Commerce ‘Studying’ Projected Budget Deficit

By Elizabeth Hsing-Huei Chou, EGP Staff Writer

The City of Commerce is taking early action to shore up a projected $1.9 million deficit in the 2009-2010 fiscal year budget.

Budget meetings usually begin in late May or June, but the city scheduled its first budget overview meeting in April, and is following up with regular workshops to discuss a slate of potential budget cuts in each department.

City officials think the deficit may extend to the 2010-2011 fiscal year, if not longer, which has prompted them to set aside a $1.5 million stabilization fund. This money would be spread evenly over three years and come out of the city’s reserve. This year’s injection of $500,000 still leaves a $1.4 million deficit.

Like many other local governments, Commerce has seen a sharp decline in its sales tax revenue. The city has taken in half a million dollars less in sales tax revenue compared to the same time last year.

City Manager Jorge Rifa addresses council during a budget meeting. (EGP Photo by Elizabeth Chou)

City Manager Jorge Rifa addresses council during a budget meeting. (EGP Photo by Elizabeth Chou)

Revenue from the Commerce Casino, which brings in more than one third of the city’s funds, has dropped $1.2 million compared to the same time last year.

The revenue decrease has not put the current year’s budget in the red, but Finance Director Vilko Domic said they don’t yet know how the city will fare in the last two months of this fiscal year, which ends June 30th.

Based on current economic conditions, the city is expecting sales tax revenue to go down by at least five percent next year, said Domic. They also expect to see decreased revenue next year from business licenses and building permits.

Meanwhile, the city is facing a cost of living increase for employee salaries and public safety contracts, along with costlier health benefits packages. The city has not planned any other operating increases and is working from the same $50.3 million operating budget from last year.

Initially the city asked the employee organizations if they would forego a 3.5 percent cost of living increase, which would save the city $1.1 million. It seemed to be the most prudent solution, Domic said, adding that they also told employees they would look for reductions in other areas.

“It’s just a request on our behalf,” he said.

“We knew this was going to be frowned upon by the employees, so a parallel track to benefit all of us would be to ask all the department heads to look at all their budgets and come up with two, three, five, seven and ten percent budget reductions,” Domic said.

Each city department will present the ramifications of increasing degrees of budget cuts. Reductions made around the two percent range include eliminating or reducing overtime, travel expenditures, gifts to residents and costs for running city events like the Miss Commerce pageant. The city has already voted to cut overtime by $123,225, travel and training by $107,233.

The city went more in-depth with the Parks and Recreations department at a recent budget discussion meeting. In past years, a fifth of the city’s general fund budget has gone to running the department. This makes it the second largest expense next to public safety, which takes up over a third of the city’s general fund.

At the Parks and Recreation budget meeting, the city council voted to introduce a fee for an adult exercise class and to renegotiate instructor fees. The city rarely charges for public services, and fees are not currently charged for any other exercise classes. As a rule, the city provides services to residents, including bus service, entrance into the city pool and gym, for free.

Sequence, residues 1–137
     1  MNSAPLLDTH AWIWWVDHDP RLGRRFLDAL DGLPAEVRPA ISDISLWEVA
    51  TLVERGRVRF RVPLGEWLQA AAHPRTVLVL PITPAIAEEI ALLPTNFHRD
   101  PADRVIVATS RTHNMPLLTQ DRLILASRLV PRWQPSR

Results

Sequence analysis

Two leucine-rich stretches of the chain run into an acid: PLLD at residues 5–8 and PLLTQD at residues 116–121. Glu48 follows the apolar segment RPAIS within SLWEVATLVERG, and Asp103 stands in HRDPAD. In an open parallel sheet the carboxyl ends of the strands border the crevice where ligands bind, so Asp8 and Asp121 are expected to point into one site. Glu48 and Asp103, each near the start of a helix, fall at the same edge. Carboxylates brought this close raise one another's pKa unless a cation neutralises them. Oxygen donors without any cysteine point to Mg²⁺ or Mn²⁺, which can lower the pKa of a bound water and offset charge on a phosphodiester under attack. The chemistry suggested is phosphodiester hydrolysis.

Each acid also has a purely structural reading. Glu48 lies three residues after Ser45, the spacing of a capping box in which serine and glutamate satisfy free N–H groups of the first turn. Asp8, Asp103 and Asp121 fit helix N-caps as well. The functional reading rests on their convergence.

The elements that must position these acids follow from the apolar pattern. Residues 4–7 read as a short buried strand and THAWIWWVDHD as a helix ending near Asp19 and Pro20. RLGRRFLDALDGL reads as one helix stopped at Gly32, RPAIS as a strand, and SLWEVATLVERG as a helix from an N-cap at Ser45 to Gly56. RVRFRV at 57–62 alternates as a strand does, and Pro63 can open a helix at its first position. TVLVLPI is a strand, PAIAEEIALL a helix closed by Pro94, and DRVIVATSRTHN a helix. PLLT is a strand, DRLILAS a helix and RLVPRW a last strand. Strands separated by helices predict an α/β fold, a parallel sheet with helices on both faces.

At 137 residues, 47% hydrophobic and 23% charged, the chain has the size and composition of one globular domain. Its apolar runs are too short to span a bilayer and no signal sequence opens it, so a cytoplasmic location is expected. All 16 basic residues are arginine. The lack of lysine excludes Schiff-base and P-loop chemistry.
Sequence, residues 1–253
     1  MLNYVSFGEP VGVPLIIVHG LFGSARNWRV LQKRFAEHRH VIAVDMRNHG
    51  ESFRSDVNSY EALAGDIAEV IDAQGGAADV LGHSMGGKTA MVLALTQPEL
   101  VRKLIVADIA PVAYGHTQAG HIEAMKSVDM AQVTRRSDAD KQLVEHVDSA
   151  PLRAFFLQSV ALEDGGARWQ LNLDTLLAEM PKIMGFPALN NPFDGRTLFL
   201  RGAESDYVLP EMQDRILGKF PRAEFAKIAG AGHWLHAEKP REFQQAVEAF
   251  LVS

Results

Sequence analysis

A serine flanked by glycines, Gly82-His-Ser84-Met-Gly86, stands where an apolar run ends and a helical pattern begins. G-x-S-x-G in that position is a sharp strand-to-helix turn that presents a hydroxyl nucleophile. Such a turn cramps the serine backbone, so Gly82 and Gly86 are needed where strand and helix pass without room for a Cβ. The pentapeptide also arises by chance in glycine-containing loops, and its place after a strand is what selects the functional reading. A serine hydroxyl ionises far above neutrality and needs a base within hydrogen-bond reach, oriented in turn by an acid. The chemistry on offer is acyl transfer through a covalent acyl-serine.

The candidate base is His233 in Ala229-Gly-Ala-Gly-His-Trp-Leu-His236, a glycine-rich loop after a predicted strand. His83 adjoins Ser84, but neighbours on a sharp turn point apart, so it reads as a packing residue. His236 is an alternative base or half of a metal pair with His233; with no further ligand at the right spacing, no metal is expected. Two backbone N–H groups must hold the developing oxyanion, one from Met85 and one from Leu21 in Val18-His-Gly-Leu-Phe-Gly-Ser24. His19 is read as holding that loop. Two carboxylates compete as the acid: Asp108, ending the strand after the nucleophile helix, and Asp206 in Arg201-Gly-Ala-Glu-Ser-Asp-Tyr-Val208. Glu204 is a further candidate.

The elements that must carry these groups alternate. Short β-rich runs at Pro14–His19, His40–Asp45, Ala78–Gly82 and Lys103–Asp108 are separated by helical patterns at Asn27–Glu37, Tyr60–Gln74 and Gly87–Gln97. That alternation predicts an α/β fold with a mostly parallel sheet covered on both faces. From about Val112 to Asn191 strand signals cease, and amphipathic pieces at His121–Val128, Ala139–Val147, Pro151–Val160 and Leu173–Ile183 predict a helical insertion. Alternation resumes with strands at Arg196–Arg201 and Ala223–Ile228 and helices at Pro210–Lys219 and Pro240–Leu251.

The city council also looked at eliminating the city’s under-used marksmanship range. In the last year only 57 people used the range. It costs $204,000 to operate the range, but the city only brings in a little over $70,000 in revenue, mostly from contracts with local public safety agencies that use it for training. The city is spending $2,350 on each person who currently uses the range, which Parks and Recreations Director Jim Jimenez says is “off the charts” compared to how much is spent per person for other services.

But because of the range’s history in the city – it has been around since the 1970s and has produced a number of talented sharpshooters – the city council voted to keep the range. Last June, the city directed staff to put together a promotional campaign for the range, but because of a recall election that interrupted the mid-year reviews that usually happen in the fall, it was never implemented, Jimenez said.

At the same meeting, the city also reviewed budget reduction options for the Public Information Office, including cuts to equipment rentals, advertising, and doing away with spotlights at the Miss Commerce pageant.

After the departmental budget meetings, the city will come back and consider the budget as a whole. Decisions made at these meetings will be brought back to the regular council meetings for an official vote.

City of Commerce Employees Association President Sandy Enriquez says so far the city seems to be working in good faith to look for areas where fat could be trimmed.

The next meeting is tonight at 6:30 pm in the City Council Chambers located at 5655 Jillson Way. This meeting will feature discussion and presentations from the Library and the Finance departments.

The city council will go over the Transportation and Community Development departments on May 21, and the Community Services and Human Resources departments on May 26.

Commerce has tentatively scheduled three more meetings after that and are shooting to adopt the budget at the June 23 City Council meeting.

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May 7, 2009  Copyright © 2012 Eastern Group Publications, Inc.

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